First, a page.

When I started my writing journey, I was convinced that it was a solitary gig. I spend hours and hours alone, writing up a storm. While I still enjoy that immensely, I now know writing is a collaboration. Sure the stories come from my mind, but I get help polishing them into the books you can read.
Along the way, I was able to speak to a lot of people that shared their unique insights with me. I feel blessed that so many shared their creative views, processes, and approaches with me. It helped me grow tremendously.
From that gratitude, I realized that I could do the same for others. So I decided to help people by coaching and writing down my tips and tricks. This has caught the eye of Oliver Adams, who runs the creative writing website Letter Review. He saw what I do and asked if he could interview me. How cool is that?
Forced to think
Oliver asked me questions about coaching creative writers. He wondered what got me into it and why it would matter. Even though I have been helping people for a while now, I never stopped to formulate this for myself. So the questions were confronting in a good way. I can safely say that they were eye-opening.
I think the most interesting question for me was if anybody can be a writing coach. This touches on some of my life views. You see, I believe that every person can be anything they want. On top of that, I believe that everybody has something valuable to share. Every single person, young or old, sick or healthy, experienced or beginner.
Why? Because every person experiences life differently. Nobody can tell things from your perspective, but you. Others, however, will resonate with that. There is always somebody out there who needs to hear your message. So yes, I do believe that anybody can become a writing coach.
Do I think it is a smart idea? Not necessarily. I think that experience in the topic you want to coach on is crucial. If you have no insight information to share, you are adding little value. I do not believe I would be a good tennis coach, for example. I know very little about the game and even less about playing it.
Does that mean I can never become one? Of course not, if I deep dive and commit to it, I can be a successful coach within a year or two. It all comes down to what you know, how you make it your own, and what you do to lift yourself higher. What is the added value and are you willing to share that with others?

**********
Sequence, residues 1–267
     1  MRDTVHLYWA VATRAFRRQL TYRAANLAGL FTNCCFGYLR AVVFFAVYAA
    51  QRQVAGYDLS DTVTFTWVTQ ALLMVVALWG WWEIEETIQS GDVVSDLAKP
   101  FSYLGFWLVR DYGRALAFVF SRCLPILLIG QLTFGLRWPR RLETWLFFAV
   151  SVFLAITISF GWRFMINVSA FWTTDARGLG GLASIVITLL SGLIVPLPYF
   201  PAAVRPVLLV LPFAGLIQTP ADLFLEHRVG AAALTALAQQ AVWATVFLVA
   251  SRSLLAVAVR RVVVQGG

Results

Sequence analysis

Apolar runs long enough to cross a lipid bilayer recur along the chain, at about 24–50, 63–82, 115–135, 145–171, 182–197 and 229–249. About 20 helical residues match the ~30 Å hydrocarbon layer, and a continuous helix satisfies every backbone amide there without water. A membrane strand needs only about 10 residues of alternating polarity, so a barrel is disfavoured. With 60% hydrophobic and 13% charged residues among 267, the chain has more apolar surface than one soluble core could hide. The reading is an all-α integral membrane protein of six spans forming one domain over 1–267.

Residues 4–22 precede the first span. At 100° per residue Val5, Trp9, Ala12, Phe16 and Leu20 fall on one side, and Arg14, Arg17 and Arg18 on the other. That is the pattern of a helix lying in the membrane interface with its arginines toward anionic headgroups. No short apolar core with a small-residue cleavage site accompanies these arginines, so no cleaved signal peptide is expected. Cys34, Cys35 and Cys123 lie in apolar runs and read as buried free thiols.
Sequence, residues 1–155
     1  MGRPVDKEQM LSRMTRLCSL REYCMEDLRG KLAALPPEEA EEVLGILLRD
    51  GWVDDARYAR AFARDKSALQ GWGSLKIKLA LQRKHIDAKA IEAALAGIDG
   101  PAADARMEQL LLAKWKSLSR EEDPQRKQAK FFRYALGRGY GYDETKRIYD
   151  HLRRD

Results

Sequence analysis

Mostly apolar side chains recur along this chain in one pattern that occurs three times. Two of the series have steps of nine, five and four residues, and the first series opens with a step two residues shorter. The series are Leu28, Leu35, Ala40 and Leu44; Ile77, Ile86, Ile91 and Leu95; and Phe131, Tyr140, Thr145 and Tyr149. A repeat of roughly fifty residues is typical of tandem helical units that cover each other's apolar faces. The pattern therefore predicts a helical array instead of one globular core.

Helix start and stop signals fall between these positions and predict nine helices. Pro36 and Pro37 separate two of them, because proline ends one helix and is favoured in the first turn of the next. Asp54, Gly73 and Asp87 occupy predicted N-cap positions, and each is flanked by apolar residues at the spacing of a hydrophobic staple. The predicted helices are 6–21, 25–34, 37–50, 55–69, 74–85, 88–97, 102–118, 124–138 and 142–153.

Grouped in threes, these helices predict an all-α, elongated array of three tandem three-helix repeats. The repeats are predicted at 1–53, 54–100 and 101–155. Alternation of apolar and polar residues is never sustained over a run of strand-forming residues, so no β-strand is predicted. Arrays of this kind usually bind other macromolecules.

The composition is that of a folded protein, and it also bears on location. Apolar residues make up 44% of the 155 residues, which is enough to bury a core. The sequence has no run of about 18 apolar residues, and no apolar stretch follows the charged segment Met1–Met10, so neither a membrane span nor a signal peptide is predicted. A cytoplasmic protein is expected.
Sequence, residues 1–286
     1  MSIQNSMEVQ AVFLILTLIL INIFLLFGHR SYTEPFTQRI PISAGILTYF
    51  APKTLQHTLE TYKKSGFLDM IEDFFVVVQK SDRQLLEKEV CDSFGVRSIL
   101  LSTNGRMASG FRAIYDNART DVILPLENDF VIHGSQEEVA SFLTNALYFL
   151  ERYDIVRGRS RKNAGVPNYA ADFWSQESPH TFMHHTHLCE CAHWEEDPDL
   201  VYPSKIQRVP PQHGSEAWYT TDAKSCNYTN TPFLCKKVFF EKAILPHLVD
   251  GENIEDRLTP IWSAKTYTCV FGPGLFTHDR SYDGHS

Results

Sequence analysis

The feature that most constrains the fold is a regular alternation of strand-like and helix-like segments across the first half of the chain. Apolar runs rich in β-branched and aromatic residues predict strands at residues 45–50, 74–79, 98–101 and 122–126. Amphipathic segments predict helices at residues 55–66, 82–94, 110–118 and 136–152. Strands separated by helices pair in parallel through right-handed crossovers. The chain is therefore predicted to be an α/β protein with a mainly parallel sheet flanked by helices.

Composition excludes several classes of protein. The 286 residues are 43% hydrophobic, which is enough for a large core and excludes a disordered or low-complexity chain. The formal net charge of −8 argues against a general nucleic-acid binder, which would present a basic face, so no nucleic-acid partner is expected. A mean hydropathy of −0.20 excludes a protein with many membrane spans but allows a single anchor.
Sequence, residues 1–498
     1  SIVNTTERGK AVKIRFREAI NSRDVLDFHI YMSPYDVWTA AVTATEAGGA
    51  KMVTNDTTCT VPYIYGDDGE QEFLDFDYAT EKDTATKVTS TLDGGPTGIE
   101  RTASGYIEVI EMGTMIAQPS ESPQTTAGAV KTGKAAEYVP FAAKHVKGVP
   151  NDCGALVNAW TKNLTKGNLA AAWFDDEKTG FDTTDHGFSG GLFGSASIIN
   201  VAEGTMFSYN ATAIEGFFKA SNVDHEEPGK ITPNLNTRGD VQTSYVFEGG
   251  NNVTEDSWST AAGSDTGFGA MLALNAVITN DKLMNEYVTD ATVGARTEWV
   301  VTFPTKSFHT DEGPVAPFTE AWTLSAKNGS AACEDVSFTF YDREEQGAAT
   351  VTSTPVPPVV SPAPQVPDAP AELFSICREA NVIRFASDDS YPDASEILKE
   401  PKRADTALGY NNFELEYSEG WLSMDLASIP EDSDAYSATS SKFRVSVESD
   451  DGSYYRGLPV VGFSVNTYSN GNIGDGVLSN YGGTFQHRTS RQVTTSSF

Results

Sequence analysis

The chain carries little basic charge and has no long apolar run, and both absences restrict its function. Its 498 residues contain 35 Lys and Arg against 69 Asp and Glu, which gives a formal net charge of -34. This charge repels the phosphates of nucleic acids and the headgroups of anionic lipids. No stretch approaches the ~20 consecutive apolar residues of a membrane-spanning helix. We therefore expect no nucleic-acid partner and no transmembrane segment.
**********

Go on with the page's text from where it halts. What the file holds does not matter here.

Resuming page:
This interview forced me to think about those fundamental questions, which I very much enjoyed. It was challenging.
Besides regaining new insights, or rather vocalizing them, the questions made me happy. Oliver probed at me in a way that felt uplifting. He left me plenty of room to share my thoughts, and explain my point of view.
I might have struggled a bit with the question of why people should hire a writing coach. Not because I do not see the value, but because I do. Every author, at one stage of their journey, will feel the need to discuss their work with a person that is not a loved one. Friends and family can only do so much for you. But they are (generally speaking) not professionals, and they will remain biased.
Brainstorming with people who bluntly tell me why something will or will not work is a delight. People who ask questions that make me stammer help me figure out where my story is lacking body. I am grateful for the people that do that for me, and I love to be that person for others.
So why did I struggle? Because to this day, I find it hard to ask for money for my services. I know I bring tremendous value to the table and am worth every penny I ask (I might even undercharge), but it remains a struggle. My driving force is to help other people grow, but I also need to eat. It os a deliquiate situation.
Luckily my internal struggle does not keep me from enjoying coaching other authors. I feel very blessed that Oliver dived into that as well. This allowed me to bounce and beam around a bit and makes for a perfect ending to a wonderful interview.
I am glad to add this experience to my list and Oliver to my network. I highly recommend you to check out the interview and let us know what you think. You can find it here:
I also recommend that you check out Oliver’s website while you are there. He has other insightful interviews and amazing writing tips, and he ventures into topics like screenwriting and poetry. Oliver even has his own YouTube channel, so check that out, where some of his articles are read out. His work is valuable, so I hope that you enjoy it!
For now, I will continue to bask in the afterglow of this new experience and wish you all happy writing.